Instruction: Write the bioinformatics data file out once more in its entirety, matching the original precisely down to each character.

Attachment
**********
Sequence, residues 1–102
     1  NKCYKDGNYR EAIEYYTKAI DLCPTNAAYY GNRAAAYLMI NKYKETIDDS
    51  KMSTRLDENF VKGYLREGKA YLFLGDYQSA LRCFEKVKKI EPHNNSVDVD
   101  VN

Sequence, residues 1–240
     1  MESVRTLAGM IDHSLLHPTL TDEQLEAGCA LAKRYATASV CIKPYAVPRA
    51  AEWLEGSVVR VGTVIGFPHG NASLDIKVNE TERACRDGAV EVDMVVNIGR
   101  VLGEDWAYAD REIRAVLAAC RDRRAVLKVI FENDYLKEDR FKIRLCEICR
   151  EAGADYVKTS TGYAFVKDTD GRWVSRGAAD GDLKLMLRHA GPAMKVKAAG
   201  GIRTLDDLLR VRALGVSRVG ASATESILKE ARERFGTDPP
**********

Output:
Sequence, residues 1–102
     1  NKCYKDGNYR EAIEYYTKAI DLCPTNAAYY GNRAAAYLMI NKYKETIDDS
    51  KMSTRLDENF VKGYLREGKA YLFLGDYQSA LRCFEKVKKI EPHNNSVDVD
   101  VN

Sequence, residues 1–240
     1  MESVRTLAGM IDHSLLHPTL TDEQLEAGCA LAKRYATASV CIKPYAVPRA
    51  AEWLEGSVVR VGTVIGFPHG NASLDIKVNE TERACRDGAV EVDMVVNIGR
   101  VLGEDWAYAD REIRAVLAAC RDRRAVLKVI FENDYLKEDR FKIRLCEICR
   151  EAGADYVKTS TGYAFVKDTD GRWVSRGAAD GDLKLMLRHA GPAMKVKAAG
   201  GIRTLDDLLR VRALGVSRVG ASATESILKE ARERFGTDPP